The history of the modern day lunch box began in 1935 when a company called Geuder, Paeschke, and Frey of Milwaukee, Wisconsin, licensed the likeness of the then new cartoon character Mickey Mouse which it used on its oval-shaped “Lunch Kit.” This metal container was sealed at the top with a wire latch on each side that doubled as the handle when closed. It had a tray inside, but no bottle or Thermos, those would come much later. Mickey Mouse Lunch Kits originally sold for 15 or 20 cents but today they can fetch anywhere from a few hundred to a few thousand dollars depending on condition.
From 1935 through the 1980s placing any sort of popular character on the side of a lunch box (or lunchbox) made it a must-have for children, who carried them to school. The first lunch box that was based on a children’s TV show was in the 1950 Aladdin model that featured a Hopalong Cassidy decal placed on a red or blue metal box. It was an instant success with Aladdin selling 600,000 of them, at $2.39 a pop, in the first year. As television began to catch on, TV characters and movie stars became the perfect subject for lunch boxes (and matching thermos) since they were aimed at children. Aladdin continued to make a variety of Hopalong Cassidy lunch boxes throughout the 1950s, while American Thermos made nine styles of Roy Rogers lunch boxes between 1953 and 1957.
This decade also saw a huge selection of space-age themes to choose from including Aladdin’s 1952 “Tom Corbett Space Cadet” boxes in red or blue. Space imagery was even more popular in the 1960s and ranged from the cartoon future of “The Jetsons” (Aladdin, 1963) to the domed “Star Trek” models Aladdin made in 1968. Today these Star Trek lunch boxes are a much sought-after item by both Star Trek collectors and lunch-box collectors alike.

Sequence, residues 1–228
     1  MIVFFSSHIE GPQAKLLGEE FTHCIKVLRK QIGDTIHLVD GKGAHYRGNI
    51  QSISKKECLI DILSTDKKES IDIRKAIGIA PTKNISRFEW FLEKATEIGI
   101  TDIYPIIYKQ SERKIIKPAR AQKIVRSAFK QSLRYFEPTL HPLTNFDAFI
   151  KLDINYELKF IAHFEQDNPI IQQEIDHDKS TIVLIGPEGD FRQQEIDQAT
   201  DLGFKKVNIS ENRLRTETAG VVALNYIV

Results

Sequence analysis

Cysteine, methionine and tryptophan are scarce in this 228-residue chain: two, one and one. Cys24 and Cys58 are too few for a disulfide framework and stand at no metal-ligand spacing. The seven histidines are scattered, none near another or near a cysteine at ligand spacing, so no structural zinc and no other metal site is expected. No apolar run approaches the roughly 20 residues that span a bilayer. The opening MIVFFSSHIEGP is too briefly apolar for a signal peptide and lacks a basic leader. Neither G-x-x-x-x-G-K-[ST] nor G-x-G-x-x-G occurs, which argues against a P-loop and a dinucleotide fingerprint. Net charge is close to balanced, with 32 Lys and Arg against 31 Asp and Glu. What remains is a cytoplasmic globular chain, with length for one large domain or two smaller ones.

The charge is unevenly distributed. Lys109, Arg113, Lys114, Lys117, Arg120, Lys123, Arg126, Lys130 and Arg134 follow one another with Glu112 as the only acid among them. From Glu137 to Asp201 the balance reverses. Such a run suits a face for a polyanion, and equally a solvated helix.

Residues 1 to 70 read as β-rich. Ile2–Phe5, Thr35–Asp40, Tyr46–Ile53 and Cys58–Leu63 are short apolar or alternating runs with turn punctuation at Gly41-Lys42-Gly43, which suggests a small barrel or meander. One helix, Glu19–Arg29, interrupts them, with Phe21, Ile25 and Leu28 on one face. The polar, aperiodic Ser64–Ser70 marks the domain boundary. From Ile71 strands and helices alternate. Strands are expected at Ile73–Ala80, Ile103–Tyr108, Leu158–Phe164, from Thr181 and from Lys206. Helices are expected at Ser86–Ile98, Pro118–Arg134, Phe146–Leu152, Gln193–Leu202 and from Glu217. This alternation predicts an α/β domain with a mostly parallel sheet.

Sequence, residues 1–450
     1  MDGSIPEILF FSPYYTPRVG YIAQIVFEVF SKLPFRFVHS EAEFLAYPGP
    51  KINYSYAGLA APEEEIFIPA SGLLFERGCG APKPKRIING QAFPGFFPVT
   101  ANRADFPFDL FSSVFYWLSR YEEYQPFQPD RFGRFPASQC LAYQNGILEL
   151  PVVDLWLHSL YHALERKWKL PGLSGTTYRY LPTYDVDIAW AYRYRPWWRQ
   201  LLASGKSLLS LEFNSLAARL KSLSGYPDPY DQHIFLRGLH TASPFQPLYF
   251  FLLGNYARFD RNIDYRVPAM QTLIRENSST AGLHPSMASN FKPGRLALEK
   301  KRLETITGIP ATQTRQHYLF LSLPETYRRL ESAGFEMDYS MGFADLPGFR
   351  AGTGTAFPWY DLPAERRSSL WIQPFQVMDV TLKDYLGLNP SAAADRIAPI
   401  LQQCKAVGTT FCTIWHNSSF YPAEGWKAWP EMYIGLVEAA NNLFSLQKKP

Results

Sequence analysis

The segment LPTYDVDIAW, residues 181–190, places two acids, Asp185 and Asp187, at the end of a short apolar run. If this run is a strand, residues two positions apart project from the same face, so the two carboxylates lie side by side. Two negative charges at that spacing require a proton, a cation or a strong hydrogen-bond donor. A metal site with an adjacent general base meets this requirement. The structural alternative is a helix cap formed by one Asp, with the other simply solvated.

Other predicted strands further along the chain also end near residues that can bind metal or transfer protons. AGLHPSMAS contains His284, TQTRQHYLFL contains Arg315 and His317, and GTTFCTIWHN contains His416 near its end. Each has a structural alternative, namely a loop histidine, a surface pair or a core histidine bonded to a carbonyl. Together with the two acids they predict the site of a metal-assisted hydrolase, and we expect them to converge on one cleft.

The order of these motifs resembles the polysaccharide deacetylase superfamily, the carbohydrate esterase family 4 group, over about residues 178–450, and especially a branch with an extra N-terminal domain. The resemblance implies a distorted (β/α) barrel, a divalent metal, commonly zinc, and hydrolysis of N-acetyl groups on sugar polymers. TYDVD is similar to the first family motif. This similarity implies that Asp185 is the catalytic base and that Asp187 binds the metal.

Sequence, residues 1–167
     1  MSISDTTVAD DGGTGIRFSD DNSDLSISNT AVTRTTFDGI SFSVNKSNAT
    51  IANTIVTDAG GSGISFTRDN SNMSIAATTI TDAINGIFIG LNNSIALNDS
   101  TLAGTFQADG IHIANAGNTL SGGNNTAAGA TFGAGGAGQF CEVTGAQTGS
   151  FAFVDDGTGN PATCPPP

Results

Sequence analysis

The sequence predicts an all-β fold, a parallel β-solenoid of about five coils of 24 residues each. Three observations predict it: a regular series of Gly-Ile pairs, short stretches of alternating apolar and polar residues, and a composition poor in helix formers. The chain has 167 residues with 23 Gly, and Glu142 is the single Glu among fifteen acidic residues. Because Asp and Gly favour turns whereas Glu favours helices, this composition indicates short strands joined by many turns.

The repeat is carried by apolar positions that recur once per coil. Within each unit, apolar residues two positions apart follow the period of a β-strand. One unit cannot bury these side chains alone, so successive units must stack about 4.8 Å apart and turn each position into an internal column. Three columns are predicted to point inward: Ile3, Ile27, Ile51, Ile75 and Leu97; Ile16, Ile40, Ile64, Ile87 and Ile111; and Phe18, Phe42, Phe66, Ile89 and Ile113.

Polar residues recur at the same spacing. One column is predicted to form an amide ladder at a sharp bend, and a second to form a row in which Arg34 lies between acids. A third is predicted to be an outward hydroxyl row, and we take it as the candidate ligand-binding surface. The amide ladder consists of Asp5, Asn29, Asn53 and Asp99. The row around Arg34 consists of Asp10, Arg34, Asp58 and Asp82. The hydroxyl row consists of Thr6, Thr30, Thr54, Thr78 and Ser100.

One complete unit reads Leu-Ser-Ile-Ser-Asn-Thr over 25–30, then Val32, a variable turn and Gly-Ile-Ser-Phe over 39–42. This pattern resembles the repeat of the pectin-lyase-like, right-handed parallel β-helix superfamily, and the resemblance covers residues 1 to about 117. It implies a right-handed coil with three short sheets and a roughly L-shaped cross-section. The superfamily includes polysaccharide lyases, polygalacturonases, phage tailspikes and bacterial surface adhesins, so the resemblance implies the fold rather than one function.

Although the majority of vintage lunch boxes are metal many companies turned to make vinyl lunch boxes. These are essentially cardboard wrapped and sealed in shower curtain material. Due to the flimsy nature of this style of lunch box finding a vinyl box in good condition can be difficult. Many of the vinyl lunch boxes from the 1960s featured pop stars on their surfaces like Twiggy, Donny and Marie, and the really collectible boxes featuring the Monkees (King Seely, 1967) and the Beatles (Air Flite and Standard Plastic Products, 1964; Aladdin, 1965).
Resources for Collectors
Originally selling for around $2.00, many vintage lunch boxes today sell at auction prices of several hundred to several thousand dollars. If you are thinking about starting a lunch box collection, there are still many styles available for $20.00 and up.
Lunch Boxes, Metal and Thermoses by Larry Aikins
Warman's Lunch Boxes Field Guide by Joe Soucy
The Illustrated Encyclopedia of Metal Lunch Boxes by Sean Brickwell and Alan Woodall
The Lunchbox Museum in Columbus, GA boasts the world’s largest collection of metal lunch boxes with matching thermoses and best of all, duplicate lunch boxes may be purchased for the right price. The museum is open Monday-Saturday from 9:00am-6:00 pm, and Sunday from Noon-6:00 pm.